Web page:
HOW DO DEPIGMENTING AGENTS WORK?

Reviewed on 5/11/2021

WHAT ARE DEPIGMENTING AGENTS AND HOW DO THEY WORK?

Depigmenting agents are topical lightening agents used for skin disorders associated with hyperpigmentation and melasma (a condition that causes dark, discolored patches on your skin).

The color of your skin, hair, and eyes depends on the amount of melanin (a natural skin pigment) present in your body, which is produced by special skin cells “melanocytes”. Each of us has the same number of melanocytes; however, the amounts of melanin produced by the cells differ. If the cells produce less melanin, the color of the skin is light, and if they produce more melanin, the color of the skin is dark. The amount of melanin produced in your body depends on your genes.

Depigmenting agents affect melanogenesis (production of melanin) by inhibiting tyrosinase synthesis. Tyrosinase, an enzyme produced only by the melanocyte cells, is responsible for the first step in melanin production. It converts a protein building block (amino acid) called tyrosine to dopaquinone, and a series of other chemical reactions convert dopaquinone to melanin in the body.

Depigmenting agents are available in the form of creams and gels. Depigmentation is usually achieved after one to four months; however, it may take up to 12 months for complete depigmentation of a particular site. The use of a sunscreen during the day makes the depigmenting agents more effective.

HOW ARE DEPIGMENTING AGENTS USED?

Depigmenting agents are used for the following:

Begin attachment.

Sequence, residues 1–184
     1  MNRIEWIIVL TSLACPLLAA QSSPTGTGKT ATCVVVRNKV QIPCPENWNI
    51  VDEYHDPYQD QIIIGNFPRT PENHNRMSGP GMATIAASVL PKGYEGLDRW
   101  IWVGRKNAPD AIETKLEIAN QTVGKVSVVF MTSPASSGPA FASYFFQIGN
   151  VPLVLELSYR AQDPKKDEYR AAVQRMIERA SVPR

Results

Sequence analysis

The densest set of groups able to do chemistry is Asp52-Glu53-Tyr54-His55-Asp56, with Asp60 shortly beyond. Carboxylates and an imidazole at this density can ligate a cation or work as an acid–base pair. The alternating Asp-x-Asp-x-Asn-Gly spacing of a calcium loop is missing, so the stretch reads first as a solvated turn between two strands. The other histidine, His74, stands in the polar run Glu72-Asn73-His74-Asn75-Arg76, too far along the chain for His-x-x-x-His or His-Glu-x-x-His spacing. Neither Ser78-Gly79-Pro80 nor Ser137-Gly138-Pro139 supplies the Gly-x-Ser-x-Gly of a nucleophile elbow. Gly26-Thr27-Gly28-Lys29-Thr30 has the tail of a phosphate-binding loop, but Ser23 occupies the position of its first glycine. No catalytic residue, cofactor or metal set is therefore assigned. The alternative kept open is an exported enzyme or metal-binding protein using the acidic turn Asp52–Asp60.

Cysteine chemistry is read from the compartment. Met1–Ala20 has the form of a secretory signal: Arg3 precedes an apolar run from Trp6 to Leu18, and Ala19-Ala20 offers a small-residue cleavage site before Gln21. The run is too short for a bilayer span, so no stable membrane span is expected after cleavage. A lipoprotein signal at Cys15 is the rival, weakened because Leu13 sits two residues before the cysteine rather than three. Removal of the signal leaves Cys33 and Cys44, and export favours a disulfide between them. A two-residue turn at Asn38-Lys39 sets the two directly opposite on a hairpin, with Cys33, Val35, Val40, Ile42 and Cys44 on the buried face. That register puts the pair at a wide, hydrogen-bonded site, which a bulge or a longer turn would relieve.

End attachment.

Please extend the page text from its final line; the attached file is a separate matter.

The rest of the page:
• Melasma
  • Hyperpigmentation
  • Vitiligo (a disease that causes loss of skin color in patches; the discolored areas usually get bigger with time)
  • Post-inflammatory hyperpigmentation (marks after chemical peels, laser treatments, or even after a bout of acne)
  • Freckles (flat small tan or light brown spots on sun-exposed skin)

WHAT ARE SIDE EFFECTS OF DEPIGMENTING AGENTS?

Avoid applying the cream to the eyelids or mucosal surfaces.

Common side effects include:

  • Burning
  • Itching/stinging
  • Dryness
  • Erythema (redness of the skin, either in a limited area or all over)
  • Localized contact dermatitis (blistering, scaling, dry skin, and swelling of treated sites)
  • Loss of color (leukoderma) at sites away from the area of application of the cream

Other rare side effects include:

The information contained herein is not intended to cover all possible side effects, precautions, warnings, drug interactions, allergic reactions, or adverse effects. Check with your doctor or pharmacist to make sure these drugs do not cause any harm when you take them along with other medicines. Never stop taking your medication and never change your dose or frequency without consulting your doctor.

SLIDESHOW

Rosacea, Acne, Shingles, Covid-19 Rashes: Common Adult Skin Diseases See Slideshow

WHAT ARE DRUG NAMES OF DEPIGMENTING AGENTS?

Drug names include:

References
https://reference.medscape.com/drugs/depigmenting-agents

https://www.sciencedirect.com/topics/medicine-and-dentistry/depigmenting-agent

https://dermatology.mhmedical.com/content.aspx?bookid=2864§ionid=244976031

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